November 22, 2013 – U.S. Senate Alters Its Filibuster Rules

On this date the U.S. Senate approved, on a 52 to 48 vote, a fundamental alteration of its rules, ending the ability of the minority party to filibuster most presidential nominees, allowing a simple majority vote to be determinative. The change meant that the filibuster would no longer applies to judicial or executive-branch nominees but still apply to bills and Supreme Court nominations.

The Democrats contended they were trying to resolve the gridlock that had been plaguing Congress, but Republicans said the Senate’s move represented an outrageous repudiation of the minority party’s right to influence policy.

However, as Gregory Koger, a University of Miami political scientist who researches the filibuster, said:

Over the last 50 years, we have added a new veto point in American politics. It used to be the House, the Senate and the president, and now it’s the House, the president, the Senate majority and the Senate minority. Now you need to get past four veto points to pass legislation. That’s a huge change of constitutional priorities. But it’s been done, almost unintentionally, through procedural strategies of party leaders.”


November 20, 1789 – New Jersey Is The First State to Ratify The Bill of Rights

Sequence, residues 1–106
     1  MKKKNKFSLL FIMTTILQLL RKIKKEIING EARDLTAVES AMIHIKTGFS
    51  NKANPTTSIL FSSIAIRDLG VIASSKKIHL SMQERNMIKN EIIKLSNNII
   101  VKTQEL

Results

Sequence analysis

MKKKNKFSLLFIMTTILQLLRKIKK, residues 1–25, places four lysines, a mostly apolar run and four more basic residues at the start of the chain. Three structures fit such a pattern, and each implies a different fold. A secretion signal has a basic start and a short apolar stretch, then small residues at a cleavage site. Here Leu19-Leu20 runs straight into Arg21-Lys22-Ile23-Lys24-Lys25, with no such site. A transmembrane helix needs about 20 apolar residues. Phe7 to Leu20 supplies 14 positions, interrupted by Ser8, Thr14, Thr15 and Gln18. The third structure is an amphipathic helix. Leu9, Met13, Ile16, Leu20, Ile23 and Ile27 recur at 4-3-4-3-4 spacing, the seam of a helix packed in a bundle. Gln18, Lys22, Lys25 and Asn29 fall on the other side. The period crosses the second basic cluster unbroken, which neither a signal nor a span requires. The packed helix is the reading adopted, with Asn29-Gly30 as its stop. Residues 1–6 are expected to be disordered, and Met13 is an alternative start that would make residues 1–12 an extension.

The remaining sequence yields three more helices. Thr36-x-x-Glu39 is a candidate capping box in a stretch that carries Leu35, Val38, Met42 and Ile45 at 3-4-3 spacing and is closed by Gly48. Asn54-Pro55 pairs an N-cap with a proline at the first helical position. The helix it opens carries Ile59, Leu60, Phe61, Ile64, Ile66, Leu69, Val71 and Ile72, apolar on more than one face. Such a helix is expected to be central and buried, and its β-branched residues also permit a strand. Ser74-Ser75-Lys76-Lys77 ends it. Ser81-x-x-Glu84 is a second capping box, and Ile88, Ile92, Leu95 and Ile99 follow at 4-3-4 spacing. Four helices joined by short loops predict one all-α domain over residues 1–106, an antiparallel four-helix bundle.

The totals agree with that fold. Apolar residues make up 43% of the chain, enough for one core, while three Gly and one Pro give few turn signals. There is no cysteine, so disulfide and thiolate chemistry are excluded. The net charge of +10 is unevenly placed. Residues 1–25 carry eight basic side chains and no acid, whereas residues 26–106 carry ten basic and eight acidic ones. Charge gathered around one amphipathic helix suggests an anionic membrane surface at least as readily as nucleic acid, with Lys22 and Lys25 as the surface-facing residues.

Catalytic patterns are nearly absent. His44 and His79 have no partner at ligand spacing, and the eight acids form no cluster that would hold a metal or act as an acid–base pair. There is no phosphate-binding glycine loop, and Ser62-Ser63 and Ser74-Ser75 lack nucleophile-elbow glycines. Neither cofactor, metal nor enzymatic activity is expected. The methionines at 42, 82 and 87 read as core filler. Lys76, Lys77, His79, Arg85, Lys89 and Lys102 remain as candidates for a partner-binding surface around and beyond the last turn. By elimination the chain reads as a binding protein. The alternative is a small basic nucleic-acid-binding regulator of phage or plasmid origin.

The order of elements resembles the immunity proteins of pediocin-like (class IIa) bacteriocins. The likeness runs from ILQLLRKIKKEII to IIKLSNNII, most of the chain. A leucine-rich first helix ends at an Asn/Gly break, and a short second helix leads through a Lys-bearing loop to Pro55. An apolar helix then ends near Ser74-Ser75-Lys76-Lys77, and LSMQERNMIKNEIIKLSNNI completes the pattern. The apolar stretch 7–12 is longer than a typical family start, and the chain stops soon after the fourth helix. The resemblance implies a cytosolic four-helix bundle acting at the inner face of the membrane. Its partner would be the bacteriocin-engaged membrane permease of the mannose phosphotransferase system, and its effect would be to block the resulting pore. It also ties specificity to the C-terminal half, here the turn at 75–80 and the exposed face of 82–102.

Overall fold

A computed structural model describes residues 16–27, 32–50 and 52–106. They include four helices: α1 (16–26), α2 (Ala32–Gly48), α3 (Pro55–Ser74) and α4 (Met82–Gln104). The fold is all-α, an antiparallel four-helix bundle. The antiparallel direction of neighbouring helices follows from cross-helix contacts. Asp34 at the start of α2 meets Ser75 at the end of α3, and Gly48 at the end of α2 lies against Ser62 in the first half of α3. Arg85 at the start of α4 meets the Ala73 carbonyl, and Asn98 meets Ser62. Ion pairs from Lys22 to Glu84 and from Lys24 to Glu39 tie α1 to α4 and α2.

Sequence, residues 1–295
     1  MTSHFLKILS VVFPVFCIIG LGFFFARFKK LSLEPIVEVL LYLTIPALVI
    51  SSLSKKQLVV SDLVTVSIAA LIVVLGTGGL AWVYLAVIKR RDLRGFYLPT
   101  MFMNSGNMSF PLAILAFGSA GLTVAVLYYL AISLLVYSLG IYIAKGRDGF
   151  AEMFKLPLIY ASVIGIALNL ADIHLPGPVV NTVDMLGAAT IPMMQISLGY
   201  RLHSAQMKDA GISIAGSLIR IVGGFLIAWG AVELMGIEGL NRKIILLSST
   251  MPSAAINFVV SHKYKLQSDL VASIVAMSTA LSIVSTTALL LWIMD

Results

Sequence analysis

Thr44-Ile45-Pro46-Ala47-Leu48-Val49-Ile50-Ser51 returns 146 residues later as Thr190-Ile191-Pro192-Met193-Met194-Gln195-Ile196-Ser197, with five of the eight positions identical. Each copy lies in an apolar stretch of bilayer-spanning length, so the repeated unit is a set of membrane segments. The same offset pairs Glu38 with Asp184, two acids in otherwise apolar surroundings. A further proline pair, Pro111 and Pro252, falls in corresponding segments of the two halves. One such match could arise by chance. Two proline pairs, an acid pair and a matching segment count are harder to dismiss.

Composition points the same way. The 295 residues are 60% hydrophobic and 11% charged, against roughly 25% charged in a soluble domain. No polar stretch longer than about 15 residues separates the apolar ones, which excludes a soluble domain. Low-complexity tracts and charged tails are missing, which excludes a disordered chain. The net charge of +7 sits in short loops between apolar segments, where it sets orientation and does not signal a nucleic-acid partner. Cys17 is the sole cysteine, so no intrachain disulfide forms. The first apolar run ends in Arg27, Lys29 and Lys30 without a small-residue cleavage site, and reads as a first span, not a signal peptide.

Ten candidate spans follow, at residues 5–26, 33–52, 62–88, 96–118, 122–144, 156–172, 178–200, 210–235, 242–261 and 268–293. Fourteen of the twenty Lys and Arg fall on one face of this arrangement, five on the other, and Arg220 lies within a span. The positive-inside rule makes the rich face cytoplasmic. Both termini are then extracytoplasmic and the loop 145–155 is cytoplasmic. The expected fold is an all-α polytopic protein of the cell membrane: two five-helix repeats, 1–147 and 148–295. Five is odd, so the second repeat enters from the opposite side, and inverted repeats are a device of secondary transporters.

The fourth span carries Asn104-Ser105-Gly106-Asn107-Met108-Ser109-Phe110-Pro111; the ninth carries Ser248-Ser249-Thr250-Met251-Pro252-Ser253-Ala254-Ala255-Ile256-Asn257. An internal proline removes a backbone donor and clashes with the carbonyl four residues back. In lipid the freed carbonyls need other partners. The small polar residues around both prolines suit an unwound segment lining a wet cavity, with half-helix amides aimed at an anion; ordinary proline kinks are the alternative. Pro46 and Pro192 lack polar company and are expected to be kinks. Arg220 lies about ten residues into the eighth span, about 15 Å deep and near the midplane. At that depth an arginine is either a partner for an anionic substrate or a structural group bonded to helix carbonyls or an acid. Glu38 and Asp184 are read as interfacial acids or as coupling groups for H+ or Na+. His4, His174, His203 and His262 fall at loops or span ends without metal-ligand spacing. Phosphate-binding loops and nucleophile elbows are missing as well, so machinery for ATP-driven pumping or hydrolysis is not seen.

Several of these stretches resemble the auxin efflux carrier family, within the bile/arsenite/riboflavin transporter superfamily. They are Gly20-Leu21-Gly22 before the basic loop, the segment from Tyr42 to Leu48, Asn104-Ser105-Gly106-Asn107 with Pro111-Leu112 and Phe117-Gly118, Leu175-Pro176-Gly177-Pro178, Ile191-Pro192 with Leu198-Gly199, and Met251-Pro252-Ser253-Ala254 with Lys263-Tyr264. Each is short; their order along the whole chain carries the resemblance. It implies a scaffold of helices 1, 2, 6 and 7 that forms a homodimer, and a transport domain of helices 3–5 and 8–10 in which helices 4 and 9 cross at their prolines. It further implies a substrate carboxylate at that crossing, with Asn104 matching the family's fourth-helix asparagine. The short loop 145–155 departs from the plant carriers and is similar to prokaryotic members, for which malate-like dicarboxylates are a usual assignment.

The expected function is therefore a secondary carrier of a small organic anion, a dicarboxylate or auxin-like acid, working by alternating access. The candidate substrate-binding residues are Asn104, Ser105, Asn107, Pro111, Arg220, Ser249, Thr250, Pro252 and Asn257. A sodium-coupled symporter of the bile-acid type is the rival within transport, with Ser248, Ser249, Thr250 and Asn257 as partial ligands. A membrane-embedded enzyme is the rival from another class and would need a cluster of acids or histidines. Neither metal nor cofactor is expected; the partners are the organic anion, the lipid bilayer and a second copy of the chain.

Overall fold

On this day in history, New Jersey became the first state to ratify the Bill of Rights – the first ten amendments to the United States Constitution. The Bill of Rights had been introduced by James Madison on June 8, 1789.

Originally, seventeen articles were proposed; These were subsequently reduced to the twelve amendments passed by Congress and sent to the states on September 25, 1789. New Jersey approved eleven. The first, relating to how federal representation would be determined based on population, was ratified by New Jersey but not by the required number of states. The second, relating to the salaries of members of Congress, was rejected by New Jersey, but then approved in 1992 as the 27th Amendment. Articles 3 through 12 became the 1st through 10th Amendments.

You can read the twelve articles, as proposed, here. You can also enlarge these Library of Congress images to read all seventeen articles.

A copy of the proposed amendments to the Constitution submitted to the state legislatures from the appendix to the Senate Journal, First Congress, First Session.